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A pop-up wilderness west of the Piedmont, folded land of sudden impediments scored by creeks and runs, and linked by bird and folk to well-spaced cousins in the north, where brooks gather sunlight from the peaks. I saw them first from 10,000 feet up— feral cats asleep on a furry map, their muscles glinting in the sloping sun, snow on pale underbellies offered briefly to fingers, rough coats dark and uncombed in colonies of recumbent order soft in the winter light. But these silted hollows— cloaked in poplar and paw paw between the restless ridges consigned to faux youth in their half-height— tease and pluck at my dislocation. I puzzle this stronghold of the Green Man, ancient fool untamed by culture, until a switchback deposits me on the Potomac plain like a raft of last year's leaves. Glimpsed through trunks, the silver river drags its world as a coal train on the far bank creeps upstream. Velocities match, vectors cancel. Road, river, and mountain pause beside a house where somebody felt what I feel and said, I could settle here.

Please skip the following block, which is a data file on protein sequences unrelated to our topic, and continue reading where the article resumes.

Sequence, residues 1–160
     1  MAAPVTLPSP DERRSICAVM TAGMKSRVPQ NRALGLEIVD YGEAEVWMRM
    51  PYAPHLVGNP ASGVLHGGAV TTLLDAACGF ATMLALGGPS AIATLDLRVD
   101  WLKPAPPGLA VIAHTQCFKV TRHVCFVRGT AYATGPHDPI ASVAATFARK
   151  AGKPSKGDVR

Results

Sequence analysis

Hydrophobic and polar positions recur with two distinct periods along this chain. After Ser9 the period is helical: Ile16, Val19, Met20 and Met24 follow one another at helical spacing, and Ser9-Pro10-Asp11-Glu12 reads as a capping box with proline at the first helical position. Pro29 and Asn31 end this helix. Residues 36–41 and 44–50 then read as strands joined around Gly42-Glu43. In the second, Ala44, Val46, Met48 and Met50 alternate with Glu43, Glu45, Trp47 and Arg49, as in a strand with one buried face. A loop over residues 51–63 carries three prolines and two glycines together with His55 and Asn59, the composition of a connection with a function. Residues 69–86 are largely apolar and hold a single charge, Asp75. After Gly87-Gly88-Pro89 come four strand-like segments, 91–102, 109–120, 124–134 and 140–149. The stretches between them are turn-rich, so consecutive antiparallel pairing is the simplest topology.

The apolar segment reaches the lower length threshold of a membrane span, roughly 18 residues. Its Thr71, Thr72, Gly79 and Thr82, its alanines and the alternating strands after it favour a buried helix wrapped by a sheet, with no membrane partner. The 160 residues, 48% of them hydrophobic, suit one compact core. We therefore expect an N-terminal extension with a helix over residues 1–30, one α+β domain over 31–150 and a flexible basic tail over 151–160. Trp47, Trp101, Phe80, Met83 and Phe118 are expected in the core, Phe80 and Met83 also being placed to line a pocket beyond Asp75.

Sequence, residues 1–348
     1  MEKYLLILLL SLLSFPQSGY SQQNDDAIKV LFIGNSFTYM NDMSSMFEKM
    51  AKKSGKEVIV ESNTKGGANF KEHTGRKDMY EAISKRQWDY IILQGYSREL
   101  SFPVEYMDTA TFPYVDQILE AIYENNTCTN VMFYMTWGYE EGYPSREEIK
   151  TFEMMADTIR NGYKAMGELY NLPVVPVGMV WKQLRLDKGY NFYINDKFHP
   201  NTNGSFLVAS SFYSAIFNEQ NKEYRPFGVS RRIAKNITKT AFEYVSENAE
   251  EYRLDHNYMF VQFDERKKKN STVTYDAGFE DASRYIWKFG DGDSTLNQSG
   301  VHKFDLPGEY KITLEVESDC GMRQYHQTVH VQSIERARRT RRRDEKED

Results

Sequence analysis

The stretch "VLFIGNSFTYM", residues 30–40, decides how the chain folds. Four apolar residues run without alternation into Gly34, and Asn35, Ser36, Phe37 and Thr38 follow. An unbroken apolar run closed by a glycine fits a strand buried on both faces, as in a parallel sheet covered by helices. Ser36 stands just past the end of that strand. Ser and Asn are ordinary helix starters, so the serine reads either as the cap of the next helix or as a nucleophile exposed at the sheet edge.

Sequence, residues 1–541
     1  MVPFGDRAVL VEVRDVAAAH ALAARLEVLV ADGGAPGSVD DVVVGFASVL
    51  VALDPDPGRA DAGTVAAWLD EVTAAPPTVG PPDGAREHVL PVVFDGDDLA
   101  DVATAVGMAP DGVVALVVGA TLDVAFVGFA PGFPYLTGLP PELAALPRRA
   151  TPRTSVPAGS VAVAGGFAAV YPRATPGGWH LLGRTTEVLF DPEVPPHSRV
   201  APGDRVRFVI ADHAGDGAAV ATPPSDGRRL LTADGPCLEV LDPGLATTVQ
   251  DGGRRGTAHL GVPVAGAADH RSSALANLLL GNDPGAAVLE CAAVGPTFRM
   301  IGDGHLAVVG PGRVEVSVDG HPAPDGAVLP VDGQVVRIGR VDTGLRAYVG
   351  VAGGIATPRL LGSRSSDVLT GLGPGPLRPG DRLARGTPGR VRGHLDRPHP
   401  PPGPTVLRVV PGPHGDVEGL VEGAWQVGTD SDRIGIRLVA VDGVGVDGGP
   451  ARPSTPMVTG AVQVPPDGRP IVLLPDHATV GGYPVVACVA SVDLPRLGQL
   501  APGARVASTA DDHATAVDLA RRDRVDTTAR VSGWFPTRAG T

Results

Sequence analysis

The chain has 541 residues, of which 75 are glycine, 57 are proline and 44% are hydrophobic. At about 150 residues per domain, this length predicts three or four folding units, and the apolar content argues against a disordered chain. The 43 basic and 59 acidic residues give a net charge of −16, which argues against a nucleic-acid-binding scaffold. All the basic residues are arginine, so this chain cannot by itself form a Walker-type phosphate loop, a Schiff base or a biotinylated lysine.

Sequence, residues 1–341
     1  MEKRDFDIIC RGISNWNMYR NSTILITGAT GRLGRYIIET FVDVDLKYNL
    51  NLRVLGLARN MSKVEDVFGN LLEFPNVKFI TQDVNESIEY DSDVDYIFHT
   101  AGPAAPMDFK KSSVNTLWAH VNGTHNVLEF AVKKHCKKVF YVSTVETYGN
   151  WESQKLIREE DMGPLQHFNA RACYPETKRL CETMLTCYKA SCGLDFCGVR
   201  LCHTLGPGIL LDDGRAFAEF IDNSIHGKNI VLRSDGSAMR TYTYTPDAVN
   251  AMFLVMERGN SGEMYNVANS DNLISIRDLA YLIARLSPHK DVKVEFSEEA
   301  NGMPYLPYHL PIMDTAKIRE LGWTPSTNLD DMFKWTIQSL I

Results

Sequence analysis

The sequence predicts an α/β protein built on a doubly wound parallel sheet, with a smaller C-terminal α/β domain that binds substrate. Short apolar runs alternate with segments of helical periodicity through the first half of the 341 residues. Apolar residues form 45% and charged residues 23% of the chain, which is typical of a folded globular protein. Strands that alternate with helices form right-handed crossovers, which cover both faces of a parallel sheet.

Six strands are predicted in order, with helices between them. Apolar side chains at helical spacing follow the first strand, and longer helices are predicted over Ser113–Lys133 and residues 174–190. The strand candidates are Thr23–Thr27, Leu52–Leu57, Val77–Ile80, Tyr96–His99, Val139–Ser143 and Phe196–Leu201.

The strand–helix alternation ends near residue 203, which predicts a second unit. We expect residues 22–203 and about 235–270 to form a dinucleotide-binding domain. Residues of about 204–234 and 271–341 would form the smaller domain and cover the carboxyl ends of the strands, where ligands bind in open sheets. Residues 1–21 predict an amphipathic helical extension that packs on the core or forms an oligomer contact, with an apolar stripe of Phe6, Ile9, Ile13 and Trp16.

Copyright 2016 S.B. Merrow. From Unpacking the China, QuillsEdge Press.
After 40 years as a flute maker, S. B. Merrow recently returned to her first love, poetry writing.